“It’s very interesting to perform the play for an American audience now, because everyone—no matter who you voted for—is in such a state of turmoil,” she told InStyle last week while celebrating the launch of Giorgio Armani’s new Si Rose Signature fragrance (she’s the face of the collection). “There are uncertain days; it’s very fragile. And the play deals a lot with the fragility and lack of time.” Blanchett’s character, Anna, is facing those topics head-on in The Present. The entire play focuses on the widowed Anna’s 40th birthday, which she’s celebrating with a group of friends at her Russian country house. With time to kill and plenty of booze to go around, things soon spiral out of control as Anna and co. reminisce about the past and revisit old relationships while trying to figure out their next steps in life.
Blanchett explains that she relates to her character’s fear of the unknown the most. “She’s very unresolved about her past and uncertain about her future,” said the 47-year-old star. “I probably share her uncertainty about the future, and I don’t think I’m alone there.” While Blanchett is similar to Anna on that front, she’s more interested in the ways that she’s unlike her stage persona. “I’m always looking for the points of difference, I think, between me and a character,” she said. “So it’s not necessarily that I share personality traits with her, but I definitely connect with her preoccupation with time being so precious and so important; spending time with people, and how little we do it. That’s probably where I connect with her most.”
Anna’s perspective on aging—and, specifically, turning 40—is wrought with mixed emotions, but for Blanchett, it’s simply a non-issue. “It’s funny, but I just didn’t have that same mentality [about turning 40],” she said. “I felt like I should, if only because everyone talks about it. I think men get talked about in a slightly different way—their age means something different. They’re somehow liberated when they’re in their forties, whereas women are meant to be sort of fixing themselves up and trying to stave off the inevitable.”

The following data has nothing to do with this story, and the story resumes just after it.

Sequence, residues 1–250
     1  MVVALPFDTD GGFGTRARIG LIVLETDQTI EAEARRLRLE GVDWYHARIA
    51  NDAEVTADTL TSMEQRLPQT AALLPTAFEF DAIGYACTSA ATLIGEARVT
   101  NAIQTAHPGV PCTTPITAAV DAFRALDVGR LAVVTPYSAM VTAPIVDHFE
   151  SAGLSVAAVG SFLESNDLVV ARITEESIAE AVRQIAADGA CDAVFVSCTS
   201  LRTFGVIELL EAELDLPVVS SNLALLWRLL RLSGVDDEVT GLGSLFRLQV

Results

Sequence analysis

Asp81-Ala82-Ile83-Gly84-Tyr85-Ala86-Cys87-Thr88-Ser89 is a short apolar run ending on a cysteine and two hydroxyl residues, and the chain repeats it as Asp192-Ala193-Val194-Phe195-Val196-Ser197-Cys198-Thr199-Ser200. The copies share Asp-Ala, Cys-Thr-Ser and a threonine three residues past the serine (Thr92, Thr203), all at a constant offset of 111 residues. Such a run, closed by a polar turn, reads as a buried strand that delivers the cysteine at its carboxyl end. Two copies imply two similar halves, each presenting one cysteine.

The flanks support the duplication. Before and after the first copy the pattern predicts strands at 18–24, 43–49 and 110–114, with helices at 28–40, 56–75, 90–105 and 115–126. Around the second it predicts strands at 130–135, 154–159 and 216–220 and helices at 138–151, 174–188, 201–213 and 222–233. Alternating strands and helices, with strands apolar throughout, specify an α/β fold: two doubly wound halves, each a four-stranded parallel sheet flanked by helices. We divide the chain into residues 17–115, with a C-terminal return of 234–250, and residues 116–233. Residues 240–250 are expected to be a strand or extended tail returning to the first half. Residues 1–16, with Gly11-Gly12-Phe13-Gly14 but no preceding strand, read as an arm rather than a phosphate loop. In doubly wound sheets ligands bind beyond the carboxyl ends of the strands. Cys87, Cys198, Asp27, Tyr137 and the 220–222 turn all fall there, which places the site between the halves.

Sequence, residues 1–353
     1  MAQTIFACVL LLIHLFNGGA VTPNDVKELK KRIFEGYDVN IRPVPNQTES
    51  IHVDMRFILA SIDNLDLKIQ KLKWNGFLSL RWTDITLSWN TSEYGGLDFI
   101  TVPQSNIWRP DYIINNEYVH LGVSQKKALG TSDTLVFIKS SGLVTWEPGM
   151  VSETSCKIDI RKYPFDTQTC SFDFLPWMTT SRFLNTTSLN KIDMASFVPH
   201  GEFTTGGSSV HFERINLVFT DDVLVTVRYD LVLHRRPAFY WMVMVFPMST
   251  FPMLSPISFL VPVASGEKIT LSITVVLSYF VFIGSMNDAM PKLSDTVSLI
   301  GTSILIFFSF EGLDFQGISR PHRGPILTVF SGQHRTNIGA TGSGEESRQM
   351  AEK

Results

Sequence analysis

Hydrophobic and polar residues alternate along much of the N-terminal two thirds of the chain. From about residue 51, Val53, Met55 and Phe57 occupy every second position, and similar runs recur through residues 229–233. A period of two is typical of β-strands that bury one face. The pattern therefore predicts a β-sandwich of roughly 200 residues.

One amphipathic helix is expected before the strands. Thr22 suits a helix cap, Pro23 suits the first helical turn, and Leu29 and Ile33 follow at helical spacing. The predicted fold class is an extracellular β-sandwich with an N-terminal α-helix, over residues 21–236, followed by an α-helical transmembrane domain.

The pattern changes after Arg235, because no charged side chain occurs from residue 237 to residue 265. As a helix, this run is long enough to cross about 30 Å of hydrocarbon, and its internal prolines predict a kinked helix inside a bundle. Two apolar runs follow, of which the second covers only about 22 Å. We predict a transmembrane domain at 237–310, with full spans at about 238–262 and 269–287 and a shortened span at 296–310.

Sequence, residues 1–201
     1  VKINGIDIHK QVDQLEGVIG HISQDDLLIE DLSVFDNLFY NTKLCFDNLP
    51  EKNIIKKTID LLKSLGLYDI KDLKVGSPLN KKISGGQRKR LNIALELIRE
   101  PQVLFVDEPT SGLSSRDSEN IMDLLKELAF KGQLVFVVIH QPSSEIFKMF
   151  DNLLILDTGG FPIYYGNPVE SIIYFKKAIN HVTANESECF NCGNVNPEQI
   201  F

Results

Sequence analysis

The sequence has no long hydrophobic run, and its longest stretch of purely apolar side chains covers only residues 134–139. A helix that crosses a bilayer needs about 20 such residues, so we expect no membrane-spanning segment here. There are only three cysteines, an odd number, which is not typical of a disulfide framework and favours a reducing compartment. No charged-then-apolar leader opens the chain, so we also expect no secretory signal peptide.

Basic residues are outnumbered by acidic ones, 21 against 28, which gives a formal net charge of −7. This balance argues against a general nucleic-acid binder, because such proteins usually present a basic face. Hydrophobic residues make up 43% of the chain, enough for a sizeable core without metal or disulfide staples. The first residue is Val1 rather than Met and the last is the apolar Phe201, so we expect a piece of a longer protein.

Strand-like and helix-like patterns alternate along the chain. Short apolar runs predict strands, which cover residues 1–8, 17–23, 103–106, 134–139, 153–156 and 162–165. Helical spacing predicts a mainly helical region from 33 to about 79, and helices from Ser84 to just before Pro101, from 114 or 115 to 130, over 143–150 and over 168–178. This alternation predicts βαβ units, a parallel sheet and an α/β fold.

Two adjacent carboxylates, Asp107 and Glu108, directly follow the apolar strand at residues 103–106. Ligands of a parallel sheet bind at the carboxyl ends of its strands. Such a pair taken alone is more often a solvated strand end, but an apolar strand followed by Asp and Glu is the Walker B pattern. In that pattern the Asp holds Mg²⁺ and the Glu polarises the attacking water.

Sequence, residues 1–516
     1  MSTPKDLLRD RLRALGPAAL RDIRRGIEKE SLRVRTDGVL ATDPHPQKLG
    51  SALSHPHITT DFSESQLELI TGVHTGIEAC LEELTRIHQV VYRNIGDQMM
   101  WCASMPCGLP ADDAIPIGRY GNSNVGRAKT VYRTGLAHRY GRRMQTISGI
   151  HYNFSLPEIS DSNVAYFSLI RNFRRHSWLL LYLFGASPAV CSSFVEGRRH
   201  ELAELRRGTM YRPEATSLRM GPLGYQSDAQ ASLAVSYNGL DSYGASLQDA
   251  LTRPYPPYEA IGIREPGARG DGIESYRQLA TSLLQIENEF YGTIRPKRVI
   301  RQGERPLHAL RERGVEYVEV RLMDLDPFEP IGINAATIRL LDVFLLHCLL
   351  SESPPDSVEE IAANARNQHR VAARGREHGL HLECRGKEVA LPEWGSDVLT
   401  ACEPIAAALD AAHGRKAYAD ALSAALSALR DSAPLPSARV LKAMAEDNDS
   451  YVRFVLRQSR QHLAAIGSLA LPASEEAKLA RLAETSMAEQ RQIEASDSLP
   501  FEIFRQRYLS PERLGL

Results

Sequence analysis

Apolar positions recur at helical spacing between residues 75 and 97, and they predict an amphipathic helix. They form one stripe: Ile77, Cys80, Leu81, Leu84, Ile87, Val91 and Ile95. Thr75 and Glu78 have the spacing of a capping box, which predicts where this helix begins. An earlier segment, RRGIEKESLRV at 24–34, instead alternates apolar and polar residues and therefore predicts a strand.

That wasn’t the case for Blanchett, who found herself unfazed upon hitting the big 4-0. “When I reached 40, I was actually sort of relieved and excited,” she said. “You approach it with such a sense of fear because it’s built up to such a degree, but it wasn’t as bad as I thought it would be. We’re so full of fear, but these situations are often the opposite of what we expect.”
While it might be tricky to predict how she’ll feel on special occasions, there’s one thing that Blanchett can expect: memorable gifts from her family. “During the first couple of years of our marriage, my husband gave me a vacuum cleaner and a blender on our anniversaries,” she said. “I think he was trying to give me a few hints about being a bit more active in our domestic life.” Other than appliances, the presents that really rate with Blanchett inherently pack a special meaning. “In the end, I love the things that people—especially my children—have made,” she said. “They make things out of matchsticks, and my middle child once made a clay skull that he had drawn a bit like the Day of the Dead. It’s the handmade things that I really love.”